Bradley Manning doing well in prison, says lawyer
A lawyer for US Army Private Bradley Manning said in a blog post on Thursday the soldier is doing well as he goes through processing at the military prison at Fort Leavenworth.
David Coombs wrote that he spoke on Wednesday with Manning, while he goes through the three-to-four-week period known as indoctrination at the Kansas prison.
Coombs, who lives in Rhode Island, also said he plans to travel there in the coming weeks to meet with medical staff and the leadership in the quest to allow Manning to receive hormone therapy and other treatment for gender dysphoria - the sense of being a woman trapped in a man’s body.
Coombs went on the Today show last week, a day after Manning was sentenced to 35 years in prison for giving government secrets to WikiLeaks, to announce that Manning wants to live as a woman named Chelsea and begin hormone treatment soon.
“These requests address a serious medical need of Chelsea and are consistent with the general medical community’s practice of adequate medical care for those with gender dysphoria,” Coombs wrote.
It is army policy not to provide such treatment; soldiers diagnosed with gender dysphoria are administratively discharged. But Manning cannot be discharged until he completes his prison sentence and exhausts all appeals of his court-martial findings.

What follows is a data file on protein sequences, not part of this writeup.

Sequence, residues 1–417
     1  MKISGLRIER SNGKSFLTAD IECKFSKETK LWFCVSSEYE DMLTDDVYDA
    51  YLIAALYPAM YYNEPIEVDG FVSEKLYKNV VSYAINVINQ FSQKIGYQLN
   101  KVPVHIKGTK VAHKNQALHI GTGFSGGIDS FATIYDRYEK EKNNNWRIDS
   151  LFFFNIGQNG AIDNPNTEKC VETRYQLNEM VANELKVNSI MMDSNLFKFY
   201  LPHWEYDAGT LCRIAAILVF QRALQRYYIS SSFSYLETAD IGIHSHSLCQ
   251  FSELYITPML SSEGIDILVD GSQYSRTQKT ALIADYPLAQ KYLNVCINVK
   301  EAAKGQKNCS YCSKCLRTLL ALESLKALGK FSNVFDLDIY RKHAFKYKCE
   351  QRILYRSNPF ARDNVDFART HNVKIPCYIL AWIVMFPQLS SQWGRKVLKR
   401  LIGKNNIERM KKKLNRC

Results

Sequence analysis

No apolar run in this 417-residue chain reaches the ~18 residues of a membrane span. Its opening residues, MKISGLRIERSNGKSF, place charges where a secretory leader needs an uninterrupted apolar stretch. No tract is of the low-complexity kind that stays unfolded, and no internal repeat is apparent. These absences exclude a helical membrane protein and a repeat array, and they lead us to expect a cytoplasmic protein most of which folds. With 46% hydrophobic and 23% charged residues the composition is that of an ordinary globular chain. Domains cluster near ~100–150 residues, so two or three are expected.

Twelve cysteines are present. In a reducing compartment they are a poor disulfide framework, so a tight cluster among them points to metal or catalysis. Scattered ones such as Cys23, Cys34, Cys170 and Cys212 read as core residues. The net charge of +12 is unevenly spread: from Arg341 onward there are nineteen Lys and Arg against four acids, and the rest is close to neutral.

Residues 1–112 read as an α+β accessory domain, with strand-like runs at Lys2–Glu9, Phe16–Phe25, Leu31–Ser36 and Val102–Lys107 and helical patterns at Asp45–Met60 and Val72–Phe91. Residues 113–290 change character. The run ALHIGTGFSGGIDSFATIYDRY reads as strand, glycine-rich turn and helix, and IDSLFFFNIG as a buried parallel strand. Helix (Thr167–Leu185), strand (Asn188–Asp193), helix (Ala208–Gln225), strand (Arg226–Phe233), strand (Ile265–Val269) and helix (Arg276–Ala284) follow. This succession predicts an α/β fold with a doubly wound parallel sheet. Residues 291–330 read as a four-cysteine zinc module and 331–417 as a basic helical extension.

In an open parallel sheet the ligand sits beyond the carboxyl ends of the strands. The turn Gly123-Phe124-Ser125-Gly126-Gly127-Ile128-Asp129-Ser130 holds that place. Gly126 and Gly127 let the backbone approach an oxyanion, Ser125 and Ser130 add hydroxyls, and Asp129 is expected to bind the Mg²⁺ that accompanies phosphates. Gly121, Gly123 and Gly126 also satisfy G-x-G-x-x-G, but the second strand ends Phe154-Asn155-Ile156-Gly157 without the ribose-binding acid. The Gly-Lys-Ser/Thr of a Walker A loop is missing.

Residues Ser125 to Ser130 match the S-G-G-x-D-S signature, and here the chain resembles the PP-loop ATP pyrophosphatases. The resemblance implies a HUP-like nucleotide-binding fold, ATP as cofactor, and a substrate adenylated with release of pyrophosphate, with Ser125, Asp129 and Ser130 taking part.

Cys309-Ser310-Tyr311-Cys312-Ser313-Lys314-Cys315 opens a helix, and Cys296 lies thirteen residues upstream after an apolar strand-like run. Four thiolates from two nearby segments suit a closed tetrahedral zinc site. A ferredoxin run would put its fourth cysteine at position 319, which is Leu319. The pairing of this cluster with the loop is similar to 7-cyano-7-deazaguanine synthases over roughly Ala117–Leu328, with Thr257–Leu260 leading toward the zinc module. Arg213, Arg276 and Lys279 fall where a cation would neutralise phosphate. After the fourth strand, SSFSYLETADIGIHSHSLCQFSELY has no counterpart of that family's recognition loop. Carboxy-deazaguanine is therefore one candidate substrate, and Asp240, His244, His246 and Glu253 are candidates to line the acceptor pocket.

When asked on Thursday whether Manning has yet requested treatment, Coombs said in an email it was too soon to provide additional information. He said earlier in the week that if the army refuses to pay for it, Manning would pay, but it is not clear whether the prison will allow that.
Army Medical Command spokeswoman Maria Tolleson said soldiers are allowed on a case-by-case basis to pay for procedures not covered by the military’s medical insurance programme, such as elective cosmetic surgery.
Manning was diagnosed with gender dysphoria by two army behavioural health specialists before his trial, but Tolleson said in an email that patient medical records are reviewed and prisoners are re-evaluated when they move to a new facility.
She said army providers use nationally recognised standards found in the current edition of the Diagnostic and Statistical Manual.
Coombs wrote on his blog that he told Manning during their conversation Wednesday of the public’s response to the Today show announcement, and of the decision by several news organisations, to refer to her by her new name.
“Manning was very happy to hear of these developments. He requested that I relay how grateful that Manning is for everyone’s understanding and continued support,” Coombs wrote.
Coombs also said Manning has already made some new friends at the prison.